This is in combination with the already mentioned excessive application of chemical fertilizers. Narendra (2010) further reports that an assessment of 179,999 ground water sites in 26 states contains pollutants such as fluoride, nitrate, salinity, arsenic and iron as per a report by the department of Drinking Water Supply. Pollution in River Hindon is said to emanate from up to 28 agro-based industries. The release of chemicals from agro-based industries causes change in water pH as well as foaming thus interfering with the aquatic environment.

Release of agrochemicals such as DDT pollutes water and the chemicals are passed through the food chain to human beings. Organic pollution especially from sewage is also a common source of water pollution in rural areas. The organic content in sewage promotes proliferation of microorganisms that pollute water by causing disease as well as using up oxygen contained in water as they decompose the organic substances. Oxygen depletion leads to an imbalanced aquatic ecosystem. Organic water pollutants in rural areas can also emanate from decomposing plants, pastures as well as livestock waste.

It is important to identify that untreated organic waste such as sewage or farm runoffs introduce disease causing organisms such as bacteria and protozoan and diseases such as dysentery are a predictable outcome. To put extra emphasis on the contribution of agricultural wastes as water pollutants in rural areas, it is worth considering a country such as China. China stocks the largest number of pigs in the world (470 million pigs as compared to 950 million world pig stock) (Qing, 2007). China is also a leader in production of poultry and goats and therefore forming the largest water pollutant country.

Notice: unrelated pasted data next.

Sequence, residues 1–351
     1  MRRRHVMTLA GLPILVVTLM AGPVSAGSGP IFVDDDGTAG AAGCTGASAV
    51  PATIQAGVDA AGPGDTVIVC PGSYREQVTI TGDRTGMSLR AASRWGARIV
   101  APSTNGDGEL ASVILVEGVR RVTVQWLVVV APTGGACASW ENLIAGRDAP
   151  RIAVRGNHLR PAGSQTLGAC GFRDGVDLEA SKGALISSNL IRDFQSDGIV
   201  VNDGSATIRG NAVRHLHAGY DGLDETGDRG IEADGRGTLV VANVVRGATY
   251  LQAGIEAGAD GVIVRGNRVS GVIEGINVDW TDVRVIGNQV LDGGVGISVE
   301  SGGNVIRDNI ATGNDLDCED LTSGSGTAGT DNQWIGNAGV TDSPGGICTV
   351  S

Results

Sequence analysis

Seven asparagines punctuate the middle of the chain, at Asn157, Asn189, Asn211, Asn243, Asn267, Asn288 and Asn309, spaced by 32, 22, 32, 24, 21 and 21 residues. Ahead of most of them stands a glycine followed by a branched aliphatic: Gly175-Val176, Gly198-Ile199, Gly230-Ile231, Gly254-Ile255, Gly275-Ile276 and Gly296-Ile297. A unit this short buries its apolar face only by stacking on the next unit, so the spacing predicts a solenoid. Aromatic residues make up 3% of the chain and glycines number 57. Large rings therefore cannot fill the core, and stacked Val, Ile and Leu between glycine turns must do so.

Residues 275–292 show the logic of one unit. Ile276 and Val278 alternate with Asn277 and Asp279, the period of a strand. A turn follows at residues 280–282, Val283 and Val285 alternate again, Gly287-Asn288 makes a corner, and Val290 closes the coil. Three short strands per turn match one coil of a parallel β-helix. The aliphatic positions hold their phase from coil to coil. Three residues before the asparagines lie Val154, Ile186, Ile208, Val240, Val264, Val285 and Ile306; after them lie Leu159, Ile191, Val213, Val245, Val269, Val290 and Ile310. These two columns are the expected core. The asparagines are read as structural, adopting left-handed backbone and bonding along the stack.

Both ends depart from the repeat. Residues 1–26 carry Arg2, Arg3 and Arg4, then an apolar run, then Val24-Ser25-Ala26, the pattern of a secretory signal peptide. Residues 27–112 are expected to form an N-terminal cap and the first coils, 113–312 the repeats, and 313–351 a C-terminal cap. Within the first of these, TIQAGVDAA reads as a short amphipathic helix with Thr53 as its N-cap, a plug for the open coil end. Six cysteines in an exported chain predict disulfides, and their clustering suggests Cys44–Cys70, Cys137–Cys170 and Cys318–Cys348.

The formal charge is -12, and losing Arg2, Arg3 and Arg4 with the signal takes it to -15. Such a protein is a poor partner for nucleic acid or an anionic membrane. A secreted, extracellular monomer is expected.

It is identified that most of the waste coming from the livestock farming activities is not treated well with pig farms discharging a lot of wastewater. The waste water from poultry and pig farms has low temperature and mire which is mainly organic leads to oxygen depletion once introduced into water bodies. It is estimated that if China continues to practice poultry and livestock farming, rural water pollution from these sources will exceed pollution from fertilizer and domestic wastes. Causes of water pollution in urban areas

Urban areas usually depend on ground water as stored underground tanks. The main causes of water pollution in urban areas are leaking pipes and contamination from water and sewage being close. Since urban water is sourced from a particular point, contamination at the source is also a major phenomenon. Human waste, industrial effluents as well as household wastes have are important sources of water pollution in urban areas. Urban areas, just like rural areas, have runoff especially after rainfall and these contain pollutants that are of great concern.

Sediments are a common component of urban runoff and these constitute the greatest components of urban water pollutants. Most sediment originates from the construction industry which thrives in most urban areas. The runoff may also contain other substances such as rubber, and automobile wastes (Environmental Health and Safety Online, 2009). Petroleum products are the main automobile wastes and these contain hydrocarbons. Other constituents of urban runoff include anti-icing chemicals, heavy metals, disease causing organisms such as bacteria, as well as organic materials.

Pathogens and organic materials emanate from sewage, spoilt septic tanks, and grass and leaves. A notable source of organic waste is pet wastes whereas use of fertilizer in lawns and kitchen gardens is also common in urban areas. Nutrient pollutants like fertilizers and organic wastes enhance growth of microorganisms and decomposition of wastes thus causing a decrease in dissolved oxygen. These consequentially render aquatic life unbearable. An increase in fertilizer and pesticide pollution in Bagmati River in Kathmandu city of Nepal is a good example of an urban source of water pollution.